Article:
Engineer Charles Marohn was confused that cities were still going bankrupt despite all the growth and development he saw. Once he figured out why, Marohn co-founded the nonprofit Strong Towns in Brainerd, Minn., to help municipalities across the United States make better choices.

“Strong Towns uses a largely financial lens, and it’s revealed we are paying today for unproductive investments made years ago,” says Marohn. “When cities allow development that caters to the automobile, it’s very expensive to build and maintain roadways and their associated infrastructure over the long term.”

For example, a private retail development proposal may bring a building with a very high value, but the parking lot, green space, and all the frontage roads that make that development possible offer a poor return on investment for the public compared to traditional pedestrian-oriented Main Street development.

“The city feels wealthy from the initial private investment, but if you go a couple of decades out, the tax revenue the city collects is only a very small fraction of what it costs to maintain that infrastructure. Auto-centric development makes us more financially fragile and weaker because you are actually becoming poorer over time--that’s the story of America’s cities post-World War II,” explains Marohn.

John Norquist, Vision 2020 chair and president and CEO of the Congress for the New Urbanism (CNU), says pedestrian- and transit-oriented developments are good for developers, too. One guide from CNU’s Project for Transportation Reform Designing Walkable Urban Thoroughfares: A Context Sensitive Approach provides an alternative for engineers in urban contexts. “The manual shows that you can create narrower traffic lanes and turning radiuses, which saves developers money and enhances the real estate values because it allows for walkability and social interaction,” he says.

Moreover, a 2013 Fannie Mae study finds a correlation between reduced probability for default and multifamily rental properties in less auto-dependent locations. The study’s example shows that where 30 percent or more area residents commute to work by elevated train or subway, less auto-dependent properties were 58 percent less likely to default.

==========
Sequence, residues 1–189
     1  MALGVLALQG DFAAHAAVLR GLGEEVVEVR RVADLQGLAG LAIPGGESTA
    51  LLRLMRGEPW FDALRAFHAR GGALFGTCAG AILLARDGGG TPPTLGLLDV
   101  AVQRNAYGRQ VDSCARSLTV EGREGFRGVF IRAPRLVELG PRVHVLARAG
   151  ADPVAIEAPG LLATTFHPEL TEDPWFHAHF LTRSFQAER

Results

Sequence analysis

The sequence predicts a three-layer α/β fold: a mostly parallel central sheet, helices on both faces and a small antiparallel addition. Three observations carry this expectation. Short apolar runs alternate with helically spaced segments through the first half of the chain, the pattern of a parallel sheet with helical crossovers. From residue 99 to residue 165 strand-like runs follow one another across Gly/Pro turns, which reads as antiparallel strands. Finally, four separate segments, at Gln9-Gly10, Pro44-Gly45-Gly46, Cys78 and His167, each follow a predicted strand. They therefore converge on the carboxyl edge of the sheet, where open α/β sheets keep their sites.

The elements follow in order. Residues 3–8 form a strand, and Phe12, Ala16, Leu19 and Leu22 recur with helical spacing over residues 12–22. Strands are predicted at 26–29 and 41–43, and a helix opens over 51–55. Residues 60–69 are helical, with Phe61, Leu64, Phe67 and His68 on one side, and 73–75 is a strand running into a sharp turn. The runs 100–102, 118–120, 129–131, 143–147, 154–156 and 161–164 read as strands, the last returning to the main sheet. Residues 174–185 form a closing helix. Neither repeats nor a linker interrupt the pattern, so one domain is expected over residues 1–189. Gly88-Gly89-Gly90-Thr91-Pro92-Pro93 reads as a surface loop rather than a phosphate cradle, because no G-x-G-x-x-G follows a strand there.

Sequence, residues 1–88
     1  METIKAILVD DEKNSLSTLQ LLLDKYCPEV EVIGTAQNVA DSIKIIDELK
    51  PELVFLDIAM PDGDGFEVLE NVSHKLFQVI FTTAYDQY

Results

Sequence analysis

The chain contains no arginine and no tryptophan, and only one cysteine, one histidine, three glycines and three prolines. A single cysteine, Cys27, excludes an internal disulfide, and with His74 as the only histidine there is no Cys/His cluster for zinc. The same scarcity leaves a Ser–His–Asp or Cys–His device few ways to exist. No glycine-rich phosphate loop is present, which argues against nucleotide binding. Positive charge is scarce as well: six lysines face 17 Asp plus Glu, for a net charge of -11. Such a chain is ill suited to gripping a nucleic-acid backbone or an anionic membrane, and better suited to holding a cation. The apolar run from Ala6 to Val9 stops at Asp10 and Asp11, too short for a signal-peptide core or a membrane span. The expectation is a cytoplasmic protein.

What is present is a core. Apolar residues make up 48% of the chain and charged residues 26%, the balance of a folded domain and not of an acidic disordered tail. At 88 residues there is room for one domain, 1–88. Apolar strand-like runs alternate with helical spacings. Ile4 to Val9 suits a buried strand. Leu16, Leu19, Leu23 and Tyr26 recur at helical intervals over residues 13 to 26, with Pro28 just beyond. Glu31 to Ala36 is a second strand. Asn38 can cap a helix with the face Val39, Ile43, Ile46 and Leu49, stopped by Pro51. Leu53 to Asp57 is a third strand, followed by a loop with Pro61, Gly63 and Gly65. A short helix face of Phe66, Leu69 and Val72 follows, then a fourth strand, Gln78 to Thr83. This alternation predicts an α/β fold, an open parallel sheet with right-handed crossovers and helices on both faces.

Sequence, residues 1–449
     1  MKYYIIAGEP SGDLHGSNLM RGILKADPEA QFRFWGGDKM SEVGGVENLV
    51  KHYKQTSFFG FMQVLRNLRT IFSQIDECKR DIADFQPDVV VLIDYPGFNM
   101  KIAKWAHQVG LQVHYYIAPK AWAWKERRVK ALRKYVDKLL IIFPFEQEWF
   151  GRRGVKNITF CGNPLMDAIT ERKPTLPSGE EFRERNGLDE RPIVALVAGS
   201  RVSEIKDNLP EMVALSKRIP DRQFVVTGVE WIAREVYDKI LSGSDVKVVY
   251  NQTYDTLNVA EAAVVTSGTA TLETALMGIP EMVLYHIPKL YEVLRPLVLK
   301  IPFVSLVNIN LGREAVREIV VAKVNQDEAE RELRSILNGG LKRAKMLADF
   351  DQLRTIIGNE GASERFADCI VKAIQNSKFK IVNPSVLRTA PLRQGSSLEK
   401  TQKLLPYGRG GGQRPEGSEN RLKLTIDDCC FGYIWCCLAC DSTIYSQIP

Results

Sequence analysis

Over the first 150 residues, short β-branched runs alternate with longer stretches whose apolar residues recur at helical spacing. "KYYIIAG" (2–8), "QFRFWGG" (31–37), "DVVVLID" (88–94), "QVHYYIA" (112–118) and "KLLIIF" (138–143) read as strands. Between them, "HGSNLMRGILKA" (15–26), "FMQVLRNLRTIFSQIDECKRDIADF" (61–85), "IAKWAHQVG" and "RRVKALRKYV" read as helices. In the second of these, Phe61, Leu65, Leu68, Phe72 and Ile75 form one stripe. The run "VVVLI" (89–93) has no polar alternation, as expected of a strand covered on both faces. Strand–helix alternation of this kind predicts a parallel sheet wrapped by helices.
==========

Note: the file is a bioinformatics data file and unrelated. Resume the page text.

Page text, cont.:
“When approached by private developers, we need to say, ’You can create your development as long as it’s configured in a way that’s walkable to ensure it’s a financially productive investment.’ Otherwise, it’s a bad business decision that only creates the illusion of wealth,” says Marohn. “It’s a hard argument to make at the local level, but we need a new model that looks closely at our productive places and figures out to building incrementally on those.”

Building on its successful launch in 2012, ECOHOME’s Vision 2020 program continues in 2013, focusing on eight critical areas in sustainability. Track our progress all year as our panel of visionary focus-area chairs, our editors, and leading researchers, practitioners, and advocates share their perspectives on initiating, tracking, and ensuring progress toward sustainable priorities and goals in residential construction between now and 2020. The program will culminate in an exclusive Vision 2020 Sustainability Summit in Washington, D.C., in September 2013, and with a special edition of ECOHOME in Winter 2013. Click here to see the 2012 Wrap-Up.